U.S. citizens involved in accidents are advised not to move their vehicles from the accident location until the ROP gives them permission; moving a vehicle may be interpreted as an admission of guilt.
The use of European-style traffic circles is prevalent in Oman, and the driver already in the circle always has priority. A driver flashing his/her high beams is generally asking for a chance to pass. Turning right on a red traffic signal is prohibited.
Visitors should not drive without a valid license. Short-term visitors in possession of a valid U.S. driver's license may drive rental vehicles, but residents must have an Omani driver's license. Temporary visitors or tourists in Oman may not drive non-rental cars (i.e., cars permanently registered in Oman to friends and family). To obtain an Omani license, a U.S. citizen must have a U.S. license that has been valid for at least one year or must take a driving test. A vision test is always required. Visitors hiring rental cars should insure the vehicles adequately against death, injury, and loss or damage. Residents may insure their vehicles outside the Sultanate; however, third party liability insurance must be purchased locally.
Emergency Services: A modern ambulance service using U.S. equipment and staff trained in the United States was instituted in 2004 and has been assessed as very good. It serves most of the country and traditionally only responds to road traffic accidents. However, the ambulance service is now answering calls for service at residences. For all traffic-related emergencies, the Royal Oman Police can be contacted by dialing "9999." While English speaking operators are usually available, it is advisable to have a native Arabic speaker call, especially if detailed directions to a location are required in order to enable the responding units to find the address of residential properties.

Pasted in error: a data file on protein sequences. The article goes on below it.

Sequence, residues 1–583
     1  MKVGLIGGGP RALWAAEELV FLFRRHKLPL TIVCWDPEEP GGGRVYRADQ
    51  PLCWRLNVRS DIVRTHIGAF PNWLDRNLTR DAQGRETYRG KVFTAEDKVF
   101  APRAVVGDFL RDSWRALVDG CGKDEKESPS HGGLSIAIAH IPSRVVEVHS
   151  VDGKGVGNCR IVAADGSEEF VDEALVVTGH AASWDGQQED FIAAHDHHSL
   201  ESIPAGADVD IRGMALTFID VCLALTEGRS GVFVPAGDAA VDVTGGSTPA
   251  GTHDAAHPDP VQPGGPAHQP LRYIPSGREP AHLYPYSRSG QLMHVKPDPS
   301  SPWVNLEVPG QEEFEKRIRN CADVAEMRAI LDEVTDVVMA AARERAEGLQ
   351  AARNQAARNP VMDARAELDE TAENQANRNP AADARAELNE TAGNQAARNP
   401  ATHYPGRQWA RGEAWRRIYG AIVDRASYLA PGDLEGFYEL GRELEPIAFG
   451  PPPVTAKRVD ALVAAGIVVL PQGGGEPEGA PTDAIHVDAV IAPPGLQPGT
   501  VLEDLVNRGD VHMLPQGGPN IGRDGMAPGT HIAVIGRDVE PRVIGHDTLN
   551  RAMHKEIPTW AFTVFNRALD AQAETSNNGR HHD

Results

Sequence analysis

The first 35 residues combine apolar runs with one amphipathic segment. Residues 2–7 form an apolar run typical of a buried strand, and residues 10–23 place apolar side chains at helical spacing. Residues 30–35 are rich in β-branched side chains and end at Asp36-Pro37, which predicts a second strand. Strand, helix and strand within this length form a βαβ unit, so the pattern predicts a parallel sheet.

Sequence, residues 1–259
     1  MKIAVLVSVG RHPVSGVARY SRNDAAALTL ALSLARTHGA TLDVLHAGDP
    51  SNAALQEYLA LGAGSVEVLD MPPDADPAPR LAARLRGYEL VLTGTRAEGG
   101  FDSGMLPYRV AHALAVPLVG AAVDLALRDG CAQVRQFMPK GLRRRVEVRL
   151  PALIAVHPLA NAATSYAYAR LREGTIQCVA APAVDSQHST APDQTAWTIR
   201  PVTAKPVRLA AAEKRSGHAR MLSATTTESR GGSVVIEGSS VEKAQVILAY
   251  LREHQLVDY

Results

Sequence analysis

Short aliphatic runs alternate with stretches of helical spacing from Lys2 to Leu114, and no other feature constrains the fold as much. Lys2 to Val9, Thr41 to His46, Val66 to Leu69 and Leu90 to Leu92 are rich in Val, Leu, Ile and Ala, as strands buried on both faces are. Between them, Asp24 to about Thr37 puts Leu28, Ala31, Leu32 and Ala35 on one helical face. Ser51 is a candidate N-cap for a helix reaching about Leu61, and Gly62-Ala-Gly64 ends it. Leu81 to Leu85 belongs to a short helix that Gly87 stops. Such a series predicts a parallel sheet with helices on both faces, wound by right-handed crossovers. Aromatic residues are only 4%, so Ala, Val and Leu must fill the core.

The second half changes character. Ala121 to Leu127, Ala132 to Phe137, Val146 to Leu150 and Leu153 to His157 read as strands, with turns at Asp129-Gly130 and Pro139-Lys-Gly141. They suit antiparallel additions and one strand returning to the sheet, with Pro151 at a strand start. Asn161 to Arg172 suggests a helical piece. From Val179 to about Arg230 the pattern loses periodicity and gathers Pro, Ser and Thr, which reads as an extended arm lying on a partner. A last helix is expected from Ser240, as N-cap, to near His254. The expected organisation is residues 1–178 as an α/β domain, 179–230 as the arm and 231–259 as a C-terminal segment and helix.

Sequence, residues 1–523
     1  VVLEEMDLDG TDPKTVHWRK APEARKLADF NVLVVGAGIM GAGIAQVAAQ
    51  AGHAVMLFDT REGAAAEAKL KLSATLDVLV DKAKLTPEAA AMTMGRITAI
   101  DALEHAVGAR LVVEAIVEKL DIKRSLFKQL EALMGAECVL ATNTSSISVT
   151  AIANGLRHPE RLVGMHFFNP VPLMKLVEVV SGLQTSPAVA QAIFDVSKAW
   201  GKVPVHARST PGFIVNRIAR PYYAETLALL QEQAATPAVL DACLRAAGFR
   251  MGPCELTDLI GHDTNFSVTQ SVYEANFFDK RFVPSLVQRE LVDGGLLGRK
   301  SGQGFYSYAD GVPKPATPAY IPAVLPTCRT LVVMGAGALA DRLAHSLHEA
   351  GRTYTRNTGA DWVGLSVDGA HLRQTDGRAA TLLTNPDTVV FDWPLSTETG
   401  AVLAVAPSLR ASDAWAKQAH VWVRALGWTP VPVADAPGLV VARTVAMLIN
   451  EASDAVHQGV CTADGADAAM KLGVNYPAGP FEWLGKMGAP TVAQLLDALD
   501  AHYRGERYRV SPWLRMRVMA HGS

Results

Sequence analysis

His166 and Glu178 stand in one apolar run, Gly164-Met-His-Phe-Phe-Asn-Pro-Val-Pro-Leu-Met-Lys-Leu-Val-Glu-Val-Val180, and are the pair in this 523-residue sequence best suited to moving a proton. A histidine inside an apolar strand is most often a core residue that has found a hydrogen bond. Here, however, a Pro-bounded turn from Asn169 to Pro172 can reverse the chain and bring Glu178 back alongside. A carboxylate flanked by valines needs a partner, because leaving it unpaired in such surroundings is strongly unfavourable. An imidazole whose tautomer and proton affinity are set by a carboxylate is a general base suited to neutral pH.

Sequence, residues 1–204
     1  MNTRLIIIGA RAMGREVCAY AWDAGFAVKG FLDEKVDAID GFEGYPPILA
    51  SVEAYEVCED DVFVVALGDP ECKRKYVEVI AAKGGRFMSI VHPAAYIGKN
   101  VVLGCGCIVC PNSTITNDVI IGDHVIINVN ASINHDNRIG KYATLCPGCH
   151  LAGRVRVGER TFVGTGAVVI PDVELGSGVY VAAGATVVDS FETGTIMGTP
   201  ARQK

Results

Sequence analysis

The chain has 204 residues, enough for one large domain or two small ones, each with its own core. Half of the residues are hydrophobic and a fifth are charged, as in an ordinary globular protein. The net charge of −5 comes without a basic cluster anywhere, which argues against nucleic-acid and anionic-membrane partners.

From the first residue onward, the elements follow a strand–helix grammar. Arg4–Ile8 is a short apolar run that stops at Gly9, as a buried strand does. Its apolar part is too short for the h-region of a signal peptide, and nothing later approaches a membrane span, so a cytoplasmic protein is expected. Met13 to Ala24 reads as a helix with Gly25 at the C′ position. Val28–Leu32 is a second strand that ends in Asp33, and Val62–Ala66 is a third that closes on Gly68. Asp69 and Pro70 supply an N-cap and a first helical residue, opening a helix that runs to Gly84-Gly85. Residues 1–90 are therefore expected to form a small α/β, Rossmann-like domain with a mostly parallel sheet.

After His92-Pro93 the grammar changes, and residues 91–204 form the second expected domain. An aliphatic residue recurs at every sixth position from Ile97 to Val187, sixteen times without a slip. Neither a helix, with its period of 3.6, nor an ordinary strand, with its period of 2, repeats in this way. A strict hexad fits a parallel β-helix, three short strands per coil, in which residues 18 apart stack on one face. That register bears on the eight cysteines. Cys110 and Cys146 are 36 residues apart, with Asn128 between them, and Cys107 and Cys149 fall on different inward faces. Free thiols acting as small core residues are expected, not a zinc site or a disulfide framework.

AVIATION SAFETY OVERSIGHT: As there is no direct commercial air service to the United States by carriers registered in Oman, the U.S. Federal Aviation Administration (FAA) has not assessed the Government of Oman’s Civil Aviation Authority for compliance with International Civil Aviation Organization (ICAO) aviation safety standards. Further information may be found on the FAA’s safety assessment page.